Without a designer and with the inevitable focus on speed, it’s no wonder you can wind up with content that looks like navigation and navigation that looks like content.

Linking Properly

Menus always make links obvious, but there are times when it is necessary — and more appropriate — for links to appear as text within the page content. How you set these links apart is an important part of usability and a key design consideration. That said, this is a place where a designer can sometimes get in the way.

While nobody wants to see text links that look like they came straight out of 1996 — except maybe Craigslist — but from a usability standpoint, that’s a far better alternative than links that are designed to “match” the page design to the point that they are nearly undetectable. Yes, a dark gray link will match black text better than bright blue, but nobody is going to know it’s a link — especially if it’s not bold, underlined, or a different typeface.

Craig's List Screen Shot - High Readability?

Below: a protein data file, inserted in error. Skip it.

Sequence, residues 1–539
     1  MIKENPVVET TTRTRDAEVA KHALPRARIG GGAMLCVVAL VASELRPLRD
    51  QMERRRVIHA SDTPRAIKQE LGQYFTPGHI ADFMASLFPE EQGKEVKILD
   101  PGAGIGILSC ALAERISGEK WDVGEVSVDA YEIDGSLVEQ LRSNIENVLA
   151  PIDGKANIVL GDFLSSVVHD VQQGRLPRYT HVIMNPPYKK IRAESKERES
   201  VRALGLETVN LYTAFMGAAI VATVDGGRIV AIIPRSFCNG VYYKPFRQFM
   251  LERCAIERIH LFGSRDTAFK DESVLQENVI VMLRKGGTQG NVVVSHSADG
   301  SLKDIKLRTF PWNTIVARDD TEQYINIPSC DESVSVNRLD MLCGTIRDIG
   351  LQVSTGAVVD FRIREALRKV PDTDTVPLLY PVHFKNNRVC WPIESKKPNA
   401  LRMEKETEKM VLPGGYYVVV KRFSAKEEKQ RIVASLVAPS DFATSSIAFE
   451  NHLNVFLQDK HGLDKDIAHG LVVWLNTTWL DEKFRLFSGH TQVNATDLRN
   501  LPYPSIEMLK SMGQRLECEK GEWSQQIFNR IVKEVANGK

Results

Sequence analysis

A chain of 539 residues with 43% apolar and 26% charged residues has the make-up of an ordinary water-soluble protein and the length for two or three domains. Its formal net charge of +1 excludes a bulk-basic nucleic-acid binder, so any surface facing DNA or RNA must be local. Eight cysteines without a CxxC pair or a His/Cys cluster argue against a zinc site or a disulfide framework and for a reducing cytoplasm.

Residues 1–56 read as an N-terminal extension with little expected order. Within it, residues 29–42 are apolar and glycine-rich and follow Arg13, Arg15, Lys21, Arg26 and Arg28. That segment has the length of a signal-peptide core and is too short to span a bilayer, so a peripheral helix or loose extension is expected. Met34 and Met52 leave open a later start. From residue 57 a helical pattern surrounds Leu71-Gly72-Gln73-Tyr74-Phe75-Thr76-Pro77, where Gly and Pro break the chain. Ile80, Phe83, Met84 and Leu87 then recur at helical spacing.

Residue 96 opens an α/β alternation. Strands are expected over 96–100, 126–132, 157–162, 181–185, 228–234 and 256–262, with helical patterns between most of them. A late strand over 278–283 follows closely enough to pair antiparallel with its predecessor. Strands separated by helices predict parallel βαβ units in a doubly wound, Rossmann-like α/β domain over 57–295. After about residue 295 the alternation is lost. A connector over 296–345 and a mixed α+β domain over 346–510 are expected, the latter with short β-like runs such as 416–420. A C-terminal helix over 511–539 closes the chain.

There’s a lot of ground in the middle between these two options. Be sure to maximize usability first and design second.

Does It Scan?

There are hundreds of resources that will offer opinions about how long each line of text should be on your website, how large your type should be, and even whether serif or sans serif fonts are more readable. You can drive yourself mad trying to find rules to follow. Your best bet is to keep it simple.

Thinking: The Mistake Your Website Shouldn’t Make

Anyone who’s spent any time around me at all knows I’m a fan of Steve Krug’s book, “Don’t Make Me Think.” But what exactly does that mean? Clearly, we do want them to think about our content. What we don’t want them to think about is how to find our content or the contact form or anything else for that matter. We want to avoid playing with expectations. Cleverness should not get in the way of clarity.

Anyone who’s spent any time around me at all knows I’m a fan of Steve Krug’s book, “Don’t Make Me Think.” But what exactly does that mean? Clearly, we do want them to think about our content.

What we don’t want them to think about is how to find our content or the contact form or anything else for that matter. We want to avoid playing with expectations. Cleverness should not get in the way of clarity.